We were, I think, typical both of a particular class of pre-war Germans and, by contrast, of the post-war country at large. On both sides our family was old, well established and, notwithstanding the wrecked economy, well off.

I don't know how can I receive the bolded part since 'typical' and 'particular' sound opposite to me.

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    Typical and particular are more similar than opposite. Typical here means we were like an average kind of rich German, a representative of that group. Particular means this specific kind of German. – Yosef Baskin Jan 13 at 14:05
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    We were [almost certainly] members of a certain class (call it set S1) of Germans that existed before the war. And we were typical members of S1. – Edwin Ashworth Jan 13 at 15:17
  • It's either missing yet another comma, an ly, another of, or either of or both is in the wrong spot. – Mazura Jan 14 at 1:22
  • A quote from Hitler's Forgotten Children: My Life Inside the Lebensborn by Ingrid Von Oelhafen – Henry Jan 14 at 9:39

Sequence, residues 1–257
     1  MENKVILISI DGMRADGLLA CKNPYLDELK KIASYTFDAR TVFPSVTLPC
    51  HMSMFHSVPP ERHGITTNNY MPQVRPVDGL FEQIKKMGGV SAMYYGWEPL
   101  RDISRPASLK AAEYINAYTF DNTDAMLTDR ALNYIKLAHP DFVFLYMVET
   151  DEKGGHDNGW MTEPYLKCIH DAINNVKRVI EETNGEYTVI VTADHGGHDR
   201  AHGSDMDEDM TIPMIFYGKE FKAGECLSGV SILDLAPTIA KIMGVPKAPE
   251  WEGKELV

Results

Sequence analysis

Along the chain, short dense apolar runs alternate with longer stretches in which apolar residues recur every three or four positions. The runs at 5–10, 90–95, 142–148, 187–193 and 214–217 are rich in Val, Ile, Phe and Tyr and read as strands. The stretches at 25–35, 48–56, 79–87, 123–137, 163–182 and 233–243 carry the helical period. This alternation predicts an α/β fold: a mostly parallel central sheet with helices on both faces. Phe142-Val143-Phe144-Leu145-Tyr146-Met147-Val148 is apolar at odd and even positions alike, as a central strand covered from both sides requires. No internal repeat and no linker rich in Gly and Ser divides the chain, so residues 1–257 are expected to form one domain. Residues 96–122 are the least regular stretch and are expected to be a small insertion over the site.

Whatever the link you make between typical and particular, you do not need to be worried that they clash in your sentence. particular simply modifies one of the categories "we were typical of". You can simplify and say:

We were, I think, typical both of A and, by contrast, of B.

where A is

a particular (certain, specific) class of pre-war Germans

We were representative of a particular class, not of any class.


Typical means

having the distinctive qualities of a particular type of person or thing.

You have a certain class of pre-war Germans consisting of a group of people with certain characteristic. The writer is a typical example of those people, as well as the postwar country at large.

  • This is about the writer's family rather than the writer herself (she - Ingrid Von Oelhafen - was born during WWII). – Henry Jan 14 at 9:08

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